Spring is coming early in 3/4 of national parks, according to a new study. Awesome? Not so much. As flowers bloom earlier every year, it’s disrupting the link between the wildflowers and the arrival of birds, bees, and butterflies that feed on and pollinate the flowers. In Shenandoah, an earlier spring is giving invasive plants a head start, and they’re displacing native wildflowers, leading to costly management issues.
Before the 1960s almost everything about living openly as a lesbian, gay, bisexual, or transgender (LGBT) person was illegal. New York City laws against homosexual activities were particularly harsh. The Stonewall Uprising on June 28, 1969 is a milestone in the quest for LGBT civil rights and provided momentum for a movement.
Vine Creek Ranch at Death Valley National Park. Steady drought and record summer heat make Death Valley a land of extremes. Towering peaks are frosted with winter snow. Rare rainstorms bring vast fields of wildflowers. Lush oases harbor tiny fish and refuge for wildlife and humans. Despite its morbid name, a great diversity of life survives in Death Valley.
Located 2,600 miles southwest of Hawaii, the National Park of American Samoa is the most remote unit of the National Park System and the U.S. National Park south of the Equator. The Park spreads across three islands, 9,500 acres of tropical rainforest, and 4,000 acres of ocean, including coral reefs. While remote, the islands of American Samoa, true to the meaning of the word Samoa (Islands of Sacred Earth), are welcoming and offer beautiful landscapes and centuries of culture and history.
WASHINGTON – U.S. Secretary of the Interior Sally Jewell announced today that the Bureau of Land Management (BLM) will host a series of listening sessions on the federal coal program. The discussions will seek information from the public about how the BLM can best carry out its responsibility to ensure that American taxpayers receive a fair return on the coal resources managed by the federal government on their behalf.
Jewell first called for a dialogue on the issue in remarks at the Center for Strategic and International Studies earlier this year.
“As I’ve said, it’s important to have an honest and open conversation about modernizing the federal government’s coal program,” said Jewell. “I have heard many concerns about how the federal government leases coal, the amount of royalty charged and whether taxpayers are getting a fair return from public resources. These listening sessions are an opportunity to better understand how taxpayers, stakeholders and local communities perceive the federal government’s coal program today and how we can improve and strengthen it for future generations.”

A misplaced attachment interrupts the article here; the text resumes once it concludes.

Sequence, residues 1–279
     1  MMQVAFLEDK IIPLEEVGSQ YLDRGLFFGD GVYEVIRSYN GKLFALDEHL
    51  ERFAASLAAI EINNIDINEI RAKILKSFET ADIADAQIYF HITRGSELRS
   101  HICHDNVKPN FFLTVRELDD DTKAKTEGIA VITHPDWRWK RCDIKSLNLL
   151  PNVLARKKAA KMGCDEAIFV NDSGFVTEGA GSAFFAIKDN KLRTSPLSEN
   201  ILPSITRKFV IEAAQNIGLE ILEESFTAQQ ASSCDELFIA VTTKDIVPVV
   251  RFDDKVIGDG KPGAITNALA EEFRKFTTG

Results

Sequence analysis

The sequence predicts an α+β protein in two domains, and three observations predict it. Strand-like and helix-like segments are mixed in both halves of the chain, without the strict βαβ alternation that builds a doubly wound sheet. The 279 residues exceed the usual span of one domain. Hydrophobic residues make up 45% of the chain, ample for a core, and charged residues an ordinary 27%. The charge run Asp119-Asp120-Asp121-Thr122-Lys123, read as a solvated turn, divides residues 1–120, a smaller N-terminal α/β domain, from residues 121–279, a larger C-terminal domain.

The BLM will host listening sessions in Washington, D.C., Colorado, New Mexico, Montana and Wyoming designed to further robust discussions about reforms to the federal coal program, including potentially raising the royalty rate applied. The BLM currently manages 310 active coal leases covering about 475,000 acres in 10 states. Roughly 40 percent of the coal produced in the United States comes from federal coal resources.
Additional information on the listening sessions follows:
July 29, 2015, 1:00-4:00 pm EST. Washington, D.C.: South Interior Building Auditorium, 1951 Constitution Ave, NW, Washington, D.C. 20245
August 11, 2015, 1:00-4:00 pm MST. Billings, MT: Hampton Inn, Lewis and Clark Conference Center, 5110 Southgate Drive, Billings, MT 59101
August 13, 2015, 1:00-4:00 pm MST. Gillette, WY: Campbell County Library, 2101 4-J Road, Gillette, WY 82718
August 18, 2015, 1:00 -4:00 pm MST. Denver, Colorado: Marriott Denver West, 1717 Denver West Blvd, Golden, CO 80401
August 20, 2015, 1:00-4:00 pm MST. Farmington, NM: Courtyard Marriott, 560 Scott Avenue, Farmington, NM 87401
The meetings in Washington, D.C. and Denver will have a Livestream option for people to participate remotely. The meetings can be accessed at www.blm.gov/live.